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Details of Grant 

EPSRC Reference: EP/D50029X/1
Title: Platform: Fracture, Fatigue and Durability of Advanced Alloys and Composites for High Performance Applications
Principal Investigator: Bowen, Professor P
Other Investigators:
Davenport, Professor AJ Connolly, Dr BJ Knott, Professor J
Researcher Co-Investigators:
Project Partners:
Department: Metallurgy and Materials
Organisation: University of Birmingham
Scheme: Platform Grants (Pre-FEC)
Starts: 01 September 2005 Ends: 28 February 2011 Value (£): 431,488
EPSRC Research Topic Classifications:
Materials Characterisation
EPSRC Industrial Sector Classifications:
Aerospace, Defence and Marine Manufacturing
Transport Systems and Vehicles
Related Grants:
Panel History:  
Summary on Grant Application Form
Failure of metal structures such as aircraft or nuclear pressure vessels can have catastrophic consequences, putting lives in danger or having a major economic impact. It is therefore important to predict how long structures can operate safely.Two main causes of failure of metal structures are the stresses on, the components, which may be static or oscillating, and corrosive attack by the environment. The combined effect of stress and corrosion can lead to environmentally-assisted cracking , which can be much faster than cracking caused by either stress or corrosion acting alone. Failures sometimes take place in extreme environments at high temperatures or in highly corrosive environments. Failure of a metal structure usually involves the formation of cracks in load-bearing regions, or the penetration of the structure by corrosion. It is possible to measure the rate of cracking and corrosion in the laboratory on small specimens over a period of hours, days or weeks, but real structures fail over periods of years. If we want to use laboratory failure rates to predict service life, it is essential to understand the mechanisms of the failure processes to ensure that our longterm predictions on large structures are valid. In parallel with this, it is important to carry out rigorous statistical analysis to assess the limits, errors and risks in such predictions.As living organisms are made up of cells, which have a fine structure of organelles inside them, so metals are made up of individual grains, with varying distributions of precipitates and impurity elements. The failure of metals is determined by this microstructure . Our research focuses on determining how cracks and regions of local corrosion interact with different microstructural features. To do this, we use experimental approaches that allow us to probe processes on the micron and sub-micron scale. For example, we have a device for stressing metals inside an electron microscope for observing the interaction of submicron cracks with microstructural features, and a microelectrochemical cell for measuring the local rates of corrosion at the tip of a glass pipette that is the width of a human hair.A broad range of techniques can be used to understand failure mechanisms: in addition to many standard testing methods, we detect the progress of cracks by picking up tiny electrical or acoustic signals, and the evolution of corrosion through video microscopy of the evolution of damage. We are starting to use X-ray microtomography to detect the penetration of corrosion and cracks into solid metal; this is an approach equivalent to MRI scanning of the human body, which can be carried out on small metal samples at the submicron scale at X-ray synchrotron facilities.Our work covers a range of industries, with a focus on transport (airframe structures, aeroengines, ships, submarines and cars) and energy generation (gas turbines, nuclear pressure vessels). We investigate both the safe life of existing components, and also the introduction of new technologies, such as high strength fibre-reinforced titanium and new kinds of welds that will, for example, allow the replacement of rivets in aircraft.The ability to predict a safe operating life of metal structures is critical to a number of UK industries, and yet there are relatively few groups who have the infrastructure and expertise to do this under a broad range of sometimes extreme conditions where both cracking and corrosion can cause problems. The proposed platform grant will help us to maintain our level of expertise by carrying out studies to extend the range of both experimental and statistical methods that we can use to investigate failure mechanisms. We will also develop collaborative interactions with key groups around the world to ensure that we are working at the forefront of the field, and increase the visibility of UK research on the international stage.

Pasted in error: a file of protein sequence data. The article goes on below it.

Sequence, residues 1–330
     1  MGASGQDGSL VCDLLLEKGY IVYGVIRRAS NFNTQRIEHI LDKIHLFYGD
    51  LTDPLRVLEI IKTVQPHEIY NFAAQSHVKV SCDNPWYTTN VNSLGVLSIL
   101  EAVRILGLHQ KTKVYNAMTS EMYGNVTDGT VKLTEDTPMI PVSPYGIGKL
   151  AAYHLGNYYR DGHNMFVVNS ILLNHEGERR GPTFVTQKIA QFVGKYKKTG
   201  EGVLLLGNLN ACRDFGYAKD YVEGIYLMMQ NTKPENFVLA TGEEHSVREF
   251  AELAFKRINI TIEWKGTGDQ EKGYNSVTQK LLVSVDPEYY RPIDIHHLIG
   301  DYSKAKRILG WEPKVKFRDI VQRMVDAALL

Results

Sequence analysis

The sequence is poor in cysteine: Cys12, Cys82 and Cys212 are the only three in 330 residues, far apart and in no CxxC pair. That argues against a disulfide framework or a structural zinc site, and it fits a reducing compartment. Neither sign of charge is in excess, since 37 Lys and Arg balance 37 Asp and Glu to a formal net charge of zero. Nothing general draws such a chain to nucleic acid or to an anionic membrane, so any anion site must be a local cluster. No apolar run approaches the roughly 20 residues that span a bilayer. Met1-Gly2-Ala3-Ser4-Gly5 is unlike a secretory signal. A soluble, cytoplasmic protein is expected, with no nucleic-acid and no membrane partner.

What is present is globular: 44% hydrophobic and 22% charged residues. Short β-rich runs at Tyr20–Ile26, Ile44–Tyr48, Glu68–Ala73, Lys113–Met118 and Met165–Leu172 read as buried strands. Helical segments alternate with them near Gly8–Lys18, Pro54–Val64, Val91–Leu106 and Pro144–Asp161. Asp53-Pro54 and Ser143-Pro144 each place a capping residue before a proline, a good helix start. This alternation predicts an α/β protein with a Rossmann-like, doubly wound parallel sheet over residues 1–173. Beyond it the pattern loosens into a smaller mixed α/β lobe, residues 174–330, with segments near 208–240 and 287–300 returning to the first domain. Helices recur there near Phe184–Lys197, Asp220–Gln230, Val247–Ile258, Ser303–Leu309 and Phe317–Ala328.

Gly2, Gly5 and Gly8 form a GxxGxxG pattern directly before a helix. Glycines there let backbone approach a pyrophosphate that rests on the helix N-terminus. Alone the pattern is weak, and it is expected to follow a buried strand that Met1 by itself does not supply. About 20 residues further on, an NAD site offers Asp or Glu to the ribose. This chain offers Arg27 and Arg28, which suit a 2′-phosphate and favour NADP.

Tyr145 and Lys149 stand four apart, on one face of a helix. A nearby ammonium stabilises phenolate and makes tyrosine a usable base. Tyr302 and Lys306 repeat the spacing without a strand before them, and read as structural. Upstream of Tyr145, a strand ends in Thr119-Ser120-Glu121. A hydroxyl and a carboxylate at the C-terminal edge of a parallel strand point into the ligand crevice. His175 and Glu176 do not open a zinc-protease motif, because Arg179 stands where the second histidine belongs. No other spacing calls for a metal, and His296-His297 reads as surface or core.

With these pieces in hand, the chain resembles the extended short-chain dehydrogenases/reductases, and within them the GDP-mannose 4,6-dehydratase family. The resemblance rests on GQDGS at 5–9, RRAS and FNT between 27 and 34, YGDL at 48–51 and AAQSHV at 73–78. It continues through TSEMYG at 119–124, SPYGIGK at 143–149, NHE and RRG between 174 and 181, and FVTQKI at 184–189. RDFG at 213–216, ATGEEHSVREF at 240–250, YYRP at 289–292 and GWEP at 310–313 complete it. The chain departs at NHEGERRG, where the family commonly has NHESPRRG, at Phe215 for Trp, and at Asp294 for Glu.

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Organisation Website: http://www.bham.ac.uk